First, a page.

Healthy Bones, Healthy You!

What is Osteoporosis?

Osteoporosis is a disease that is characterized by low bone mass and deterioration of bone tissue which can lead to an increased risk of fractures.

Osteoporosis is often called the “silent thief” as bone loss often occurs without any symptoms until there is a fracture. These fragility fractures usually occur when the disease is fairly advanced.

Osteoporosis causes 70 – 90 % of all hip fractures which can be very disabling and can really impact quality of life, especially with advanced age.

General Risk Factors:

Not having enough food with calcium and being deficient in vitamin D (the sunshine vitamin!).

Menopause and andropause also causes bone loss.

Any medical condition that increases inflammation in your body.

Certain drugs such as, seizure medications, steroids taken for more than 2 months, hormone treatments for breast or prostate cancer.

Celiac disease is also a under recognized cause of osteoporosis and osteopenia.

Any other condition that causes malabsorption of nutrients such as inflammatory bowel disease.

Genetics! It often runs in families so please take note if you have a family history and consider early screening.

Other risk factors include: smoking, low body weight, absence of menstrual periods for long periods of time, premature ovarian failure and early menopause, history of eating disorders, or confined to a bed for long periods of time.

Dietary Risk Factors for Osteoporosis:

Excess consumption of saturated fat (the type of fat found in animal products such as butter, cream, bacon and fatty cuts of meat) and an inadequate intake of monounsaturated fat, the types of fats found in olive, peanut and canola oils. As well as the fats in avocados, nuts and seeds. Saturated fats tend to be pro-inflammatory. Monounsaturated fats and omega 3 fats are anti-inflammatory. We do need some omega 6 essential fatty acids, unfortunately, we tend to get too much of them from our over consumption of ultra processed foods and from modern animal husbandry practices.

Low intake of calcium and potassium is also a risk factor for osteoporosis. Potassium is found in fruits and vegetables. Another reason to aim for 5 or more servings! Consuming more plants in your diet also promotes an alkaline PH. An acidic PH triggers bone to be broken down and inhibits osteoblasts from building new bone.
Low protein diets also increase your risk of osteoporosis. But so does high protein diets, especially if they are accompanied by a lack of calcium intake.
Excess salt consumption also leaches salt from our bones. If you are eating ultra processed foods, you are likely eating too much salt.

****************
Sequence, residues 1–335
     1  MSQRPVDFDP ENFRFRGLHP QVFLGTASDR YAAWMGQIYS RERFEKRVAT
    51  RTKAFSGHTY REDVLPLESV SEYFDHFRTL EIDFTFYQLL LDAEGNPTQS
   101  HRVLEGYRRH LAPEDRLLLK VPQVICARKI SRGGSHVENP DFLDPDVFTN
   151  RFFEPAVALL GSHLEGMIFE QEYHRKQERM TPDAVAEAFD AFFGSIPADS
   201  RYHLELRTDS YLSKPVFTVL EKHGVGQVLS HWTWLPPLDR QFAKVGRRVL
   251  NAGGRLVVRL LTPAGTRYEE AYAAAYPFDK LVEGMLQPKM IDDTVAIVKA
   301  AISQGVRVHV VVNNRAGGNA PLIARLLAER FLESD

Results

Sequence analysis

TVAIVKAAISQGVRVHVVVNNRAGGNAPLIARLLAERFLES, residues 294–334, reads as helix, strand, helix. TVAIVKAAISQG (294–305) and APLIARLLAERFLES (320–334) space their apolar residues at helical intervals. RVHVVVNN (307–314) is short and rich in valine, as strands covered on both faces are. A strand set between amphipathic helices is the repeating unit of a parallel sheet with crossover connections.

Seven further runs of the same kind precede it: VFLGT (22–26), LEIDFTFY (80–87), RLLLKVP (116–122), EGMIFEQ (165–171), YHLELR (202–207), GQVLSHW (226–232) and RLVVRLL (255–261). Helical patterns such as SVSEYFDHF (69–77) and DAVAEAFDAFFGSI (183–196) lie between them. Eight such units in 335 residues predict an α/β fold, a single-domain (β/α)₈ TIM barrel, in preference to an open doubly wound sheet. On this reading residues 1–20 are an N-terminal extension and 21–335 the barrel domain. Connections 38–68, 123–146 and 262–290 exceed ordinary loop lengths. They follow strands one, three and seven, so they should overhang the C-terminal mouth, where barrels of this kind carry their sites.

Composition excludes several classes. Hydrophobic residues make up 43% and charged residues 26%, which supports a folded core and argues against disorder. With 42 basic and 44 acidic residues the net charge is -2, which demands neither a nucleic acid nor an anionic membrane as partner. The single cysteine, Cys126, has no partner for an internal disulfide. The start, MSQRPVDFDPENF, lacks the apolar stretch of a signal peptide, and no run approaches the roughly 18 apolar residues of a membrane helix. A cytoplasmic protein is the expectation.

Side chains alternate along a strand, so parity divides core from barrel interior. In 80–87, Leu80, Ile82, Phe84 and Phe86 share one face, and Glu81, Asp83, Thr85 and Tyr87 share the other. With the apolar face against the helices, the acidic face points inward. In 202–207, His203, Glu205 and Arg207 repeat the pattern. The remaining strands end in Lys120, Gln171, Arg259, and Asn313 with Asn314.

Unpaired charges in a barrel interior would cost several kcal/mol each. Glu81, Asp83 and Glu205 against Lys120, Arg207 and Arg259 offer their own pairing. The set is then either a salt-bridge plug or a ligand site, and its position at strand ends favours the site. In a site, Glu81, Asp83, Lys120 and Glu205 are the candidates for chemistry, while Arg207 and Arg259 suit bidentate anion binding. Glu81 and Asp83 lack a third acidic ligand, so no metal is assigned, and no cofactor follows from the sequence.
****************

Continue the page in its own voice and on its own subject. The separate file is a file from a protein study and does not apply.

Ultra processed foods have also shown to have a severe impact on the growing skeleton. This does not bode well for those of us who are middle age and younger as we were the first generation to grow up on ultra processed foods. We need to move away from marketing food to children. We are the only culture that has kids’ meals!

How to Prevent Osteoporosis

Exercise to prevent osteoporosis:

Use or lose it! Move your body and exercise. You won’t build bone without building muscle first. Weight bearing exercises activates osteocytes and triggers bone renewal.
Consider working with a physical therapist trained in Bone Fit. Bone Fit is a program aimed at providing those with osteoporosis with safe, effective and evidence-based exercises, movement adaptations and symptom management. Here at Saskatoon Wellness Centre, Laurie Wiens, physical therapist, is trained in Bone Fit.

The best diet to prevent osteoporosis:

Choose a rainbow of nutrient dense, fiber rich foods, fresh vegetables and fruits, legumes, nuts, seeds and some whole grains. Use cold pressed extra virgin olive oil or other cold pressed oils.

Get sufficient protein, but not too much. However, keep in mind our dietary protein requirements increase as we age.

Eat More Greens! Leafy greens are a great source of vitamin K which is very important for healthy bones.

Ensure adequate calcium intake. Check out for a calcium calculator to determine how much you are getting through your diet.

Consider bone building supplements. You may have heard the importance of calcium and vitamin D, but there are numerous other nutrients that are beneficial for bone health; magnesium, vitamin K, selenium, zinc, boron and strontium to name a just a few.

Work with your naturopathic doctor to determine the best nutrients and doses for you.

If you want help on preventing or treating osteopenia and osteoporosis please book an appointment with our naturopathic doctor – Dr. Alana Barmby, or if you want to explore Bone Fit with our Physical Therapist, Laurie Wiens. We also offer acupuncture and massage therapy to help keep you pain free and moving towards healthy bones.